Our property used to be bordered by an overgrown hedge of non-native red-tipped Photinia which was sheared into a rectangle along most of the fenceline. I found it monolithic and oppressive, but it provided us with great privacy from the neighbors, and that made it very difficult to decide to remove it. I fervently wished to replace the artificial-seeming Photinia with beautiful native shrubs which would allow us to feel connected to wilder places, but I was an inexperienced gardener; the idea that I could take responsibility for changing the landscape on such a large scale was new and intimidating. I planted Myrica californica (California Wax Myrtle) and manzanitas in front of the Photinia, but I could see the old hedge was out-competing the new one for space, water, and sunlight. Impulsively, I began whittling away at the Photinia with a hand saw when the mood struck, cutting larger and larger branches away. After a couple of years, my husband and I finally removed the Photinia completely. We gave up the privacy it provided so our new mixed native hedge would have a good start. Now that this is filling in, we can see that it was well worth the trade.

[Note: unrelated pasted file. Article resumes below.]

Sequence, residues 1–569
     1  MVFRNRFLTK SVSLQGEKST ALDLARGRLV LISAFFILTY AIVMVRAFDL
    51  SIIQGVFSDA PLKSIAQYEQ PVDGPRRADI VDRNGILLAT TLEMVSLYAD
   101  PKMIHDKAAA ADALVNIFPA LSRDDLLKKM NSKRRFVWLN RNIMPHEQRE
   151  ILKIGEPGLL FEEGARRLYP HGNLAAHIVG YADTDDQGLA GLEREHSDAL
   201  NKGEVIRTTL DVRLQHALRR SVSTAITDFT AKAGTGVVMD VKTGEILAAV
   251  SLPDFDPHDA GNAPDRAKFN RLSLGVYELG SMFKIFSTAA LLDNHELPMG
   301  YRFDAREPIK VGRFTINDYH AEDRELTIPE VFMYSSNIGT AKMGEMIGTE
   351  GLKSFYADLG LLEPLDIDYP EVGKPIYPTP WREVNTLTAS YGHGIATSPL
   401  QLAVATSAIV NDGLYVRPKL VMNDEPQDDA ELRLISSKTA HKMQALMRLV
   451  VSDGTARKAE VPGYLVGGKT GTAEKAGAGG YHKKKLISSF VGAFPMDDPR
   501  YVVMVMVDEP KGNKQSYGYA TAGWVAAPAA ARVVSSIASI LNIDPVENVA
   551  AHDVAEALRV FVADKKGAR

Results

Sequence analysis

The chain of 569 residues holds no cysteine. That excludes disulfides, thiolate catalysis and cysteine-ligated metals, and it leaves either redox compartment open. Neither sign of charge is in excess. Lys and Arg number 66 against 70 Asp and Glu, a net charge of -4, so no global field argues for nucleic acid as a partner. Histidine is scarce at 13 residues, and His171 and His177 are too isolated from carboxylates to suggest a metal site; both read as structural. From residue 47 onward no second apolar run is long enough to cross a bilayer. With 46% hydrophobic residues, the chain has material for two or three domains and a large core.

I developed a passion for manzanitas and planted many of them in the new hedgerow. Mixed in are other native species such as Ceanothus, Garrya, Ribes, Physocarpus, Philadelphus, and Holodiscus. The hedge is doubled with two staggered rows of mixed natives.
In the foreground are perennial borders packed with plants that provide habitat for beneficial insects, birds, and butterflies. Many species of Eriogonum (buckwheat), Phacelia, and Salvia provide swathes of color and nectar for bees and hummingbirds. The border has a relaxed, naturalistic look, and I keep everything outside it chipped and tidy. This way, I can let the rambunctious flora intertwine, reseed, and move around from year to year and still have it look cared for. I act as referee when the plants clamber over one another or go out of bounds.